So which article do you agree with?

    "unreliable in terms of reliability." is double speak? Sounds stupid.
     
  6. rangebowdrie
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    rangebowdrie Senior Member

    Picking on the Irish are ye,, they've been burning peat forever, probably still do.
     
  7. Will Gilmore
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    Will Gilmore Senior Member

    The one I quoted, the one you posted, the one I read even though my cheeky comment suggested I didn't need to.

    However, the name "Redstate" gives a good idea of what they're about. I didn't need a "watchdog" article to tell me. I was just making fun of the whole media world. News media companies exploit people's fears or people's train wreck voyeurism with their sensationalism, and "watchdog" media companies exploit people's laziness, lack of time or their insecurities to sell them a tool that tells them they are being exploited. Now we need to find a consumer reporting organization that tells us which "watchdog" publication can be trusted.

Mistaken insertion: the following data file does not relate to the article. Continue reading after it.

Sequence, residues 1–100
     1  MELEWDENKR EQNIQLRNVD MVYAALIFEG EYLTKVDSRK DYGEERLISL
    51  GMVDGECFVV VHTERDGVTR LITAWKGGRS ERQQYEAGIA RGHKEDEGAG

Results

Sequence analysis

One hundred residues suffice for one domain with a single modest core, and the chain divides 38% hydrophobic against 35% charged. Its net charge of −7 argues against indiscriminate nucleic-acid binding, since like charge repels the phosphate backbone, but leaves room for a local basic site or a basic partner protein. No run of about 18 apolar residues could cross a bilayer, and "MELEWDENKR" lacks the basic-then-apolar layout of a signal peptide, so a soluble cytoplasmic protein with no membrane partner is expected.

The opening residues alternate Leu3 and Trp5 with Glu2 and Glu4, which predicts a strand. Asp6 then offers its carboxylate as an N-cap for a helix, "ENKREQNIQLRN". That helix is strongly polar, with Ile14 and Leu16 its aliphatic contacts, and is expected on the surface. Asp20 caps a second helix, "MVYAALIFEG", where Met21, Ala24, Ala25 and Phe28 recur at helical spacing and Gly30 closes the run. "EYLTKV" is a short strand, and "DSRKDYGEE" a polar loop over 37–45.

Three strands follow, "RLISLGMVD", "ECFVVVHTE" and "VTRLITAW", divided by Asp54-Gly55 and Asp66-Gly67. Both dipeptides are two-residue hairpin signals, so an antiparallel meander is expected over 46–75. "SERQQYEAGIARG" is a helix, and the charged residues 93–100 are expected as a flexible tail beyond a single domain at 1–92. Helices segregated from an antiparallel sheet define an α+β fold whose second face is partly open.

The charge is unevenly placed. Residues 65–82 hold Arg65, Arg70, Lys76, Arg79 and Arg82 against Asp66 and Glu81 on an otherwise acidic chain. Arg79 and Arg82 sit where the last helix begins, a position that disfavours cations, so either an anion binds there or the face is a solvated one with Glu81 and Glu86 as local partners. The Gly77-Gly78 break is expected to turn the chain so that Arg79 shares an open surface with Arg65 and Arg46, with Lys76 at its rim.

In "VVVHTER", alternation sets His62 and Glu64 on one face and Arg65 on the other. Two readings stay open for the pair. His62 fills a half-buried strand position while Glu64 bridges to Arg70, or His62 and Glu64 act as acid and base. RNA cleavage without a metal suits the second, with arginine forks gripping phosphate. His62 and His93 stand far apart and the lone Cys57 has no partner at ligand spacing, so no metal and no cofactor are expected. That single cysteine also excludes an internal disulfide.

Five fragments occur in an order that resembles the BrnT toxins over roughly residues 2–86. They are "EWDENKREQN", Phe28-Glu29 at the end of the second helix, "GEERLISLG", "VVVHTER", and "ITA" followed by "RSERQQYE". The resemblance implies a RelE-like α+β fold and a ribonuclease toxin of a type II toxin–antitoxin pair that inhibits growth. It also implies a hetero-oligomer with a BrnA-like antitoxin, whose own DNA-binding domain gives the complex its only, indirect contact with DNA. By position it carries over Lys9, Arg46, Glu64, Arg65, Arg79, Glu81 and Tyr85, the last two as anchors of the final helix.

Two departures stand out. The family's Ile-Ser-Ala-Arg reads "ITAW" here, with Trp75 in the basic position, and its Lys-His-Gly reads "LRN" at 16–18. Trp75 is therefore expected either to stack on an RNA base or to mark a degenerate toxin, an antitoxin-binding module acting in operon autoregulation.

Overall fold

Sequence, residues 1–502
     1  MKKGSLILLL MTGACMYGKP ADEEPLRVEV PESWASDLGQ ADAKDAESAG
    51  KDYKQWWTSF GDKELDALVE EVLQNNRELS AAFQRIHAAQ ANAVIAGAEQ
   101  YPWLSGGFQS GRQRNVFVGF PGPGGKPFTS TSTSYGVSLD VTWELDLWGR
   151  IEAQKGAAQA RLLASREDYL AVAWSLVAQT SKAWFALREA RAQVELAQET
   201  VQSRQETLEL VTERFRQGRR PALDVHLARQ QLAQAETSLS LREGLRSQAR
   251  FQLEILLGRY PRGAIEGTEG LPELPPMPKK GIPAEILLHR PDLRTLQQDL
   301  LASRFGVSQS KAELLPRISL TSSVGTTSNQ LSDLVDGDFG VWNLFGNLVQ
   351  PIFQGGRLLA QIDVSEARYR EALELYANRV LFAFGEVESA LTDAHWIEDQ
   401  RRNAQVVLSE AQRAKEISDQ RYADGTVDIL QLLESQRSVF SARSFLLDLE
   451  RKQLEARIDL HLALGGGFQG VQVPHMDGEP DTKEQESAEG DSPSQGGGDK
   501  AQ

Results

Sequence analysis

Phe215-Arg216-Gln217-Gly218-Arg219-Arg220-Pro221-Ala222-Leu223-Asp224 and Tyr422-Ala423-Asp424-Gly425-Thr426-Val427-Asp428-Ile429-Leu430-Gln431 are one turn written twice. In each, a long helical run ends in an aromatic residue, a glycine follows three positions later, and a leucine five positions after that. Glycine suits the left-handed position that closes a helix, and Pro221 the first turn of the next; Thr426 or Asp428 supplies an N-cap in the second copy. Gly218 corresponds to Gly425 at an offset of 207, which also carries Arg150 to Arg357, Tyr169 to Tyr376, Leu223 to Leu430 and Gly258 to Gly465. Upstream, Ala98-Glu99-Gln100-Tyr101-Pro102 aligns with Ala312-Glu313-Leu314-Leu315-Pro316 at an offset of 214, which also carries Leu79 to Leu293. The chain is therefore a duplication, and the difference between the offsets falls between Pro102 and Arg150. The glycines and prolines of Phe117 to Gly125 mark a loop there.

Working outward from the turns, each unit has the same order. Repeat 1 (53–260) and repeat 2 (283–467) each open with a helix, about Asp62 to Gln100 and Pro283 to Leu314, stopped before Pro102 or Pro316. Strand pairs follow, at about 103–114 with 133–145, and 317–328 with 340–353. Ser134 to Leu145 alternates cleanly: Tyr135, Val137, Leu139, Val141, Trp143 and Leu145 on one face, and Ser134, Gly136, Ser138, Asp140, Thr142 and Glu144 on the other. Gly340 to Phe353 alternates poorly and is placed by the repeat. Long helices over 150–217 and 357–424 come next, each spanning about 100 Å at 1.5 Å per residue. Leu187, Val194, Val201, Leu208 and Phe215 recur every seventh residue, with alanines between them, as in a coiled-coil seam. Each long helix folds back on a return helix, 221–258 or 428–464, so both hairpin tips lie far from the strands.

How Ireland is abandoning its dirty fuel https://www.bbc.com/future/article/20201203-peat-the-decline-of-the-worlds-dirtiest-fuel

    -Will
     
  8. Will Gilmore
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    Will Gilmore Senior Member

    Sea level rise could have been a factor in Florida building collapse, engineers say - CNN https://www.google.com/amp/s/amp.cnn.com/cnn/2021/06/30/us/florida-building-collapse-sea-level-rise/index.html
    upload_2021-7-1_6-57-12.png
    CNN Web is right there on that chart with the Washington Post and the New York times. Is this article typical of their reporting?

    -Will
     
  9. ImaginaryNumber
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    ImaginaryNumber Imaginary Member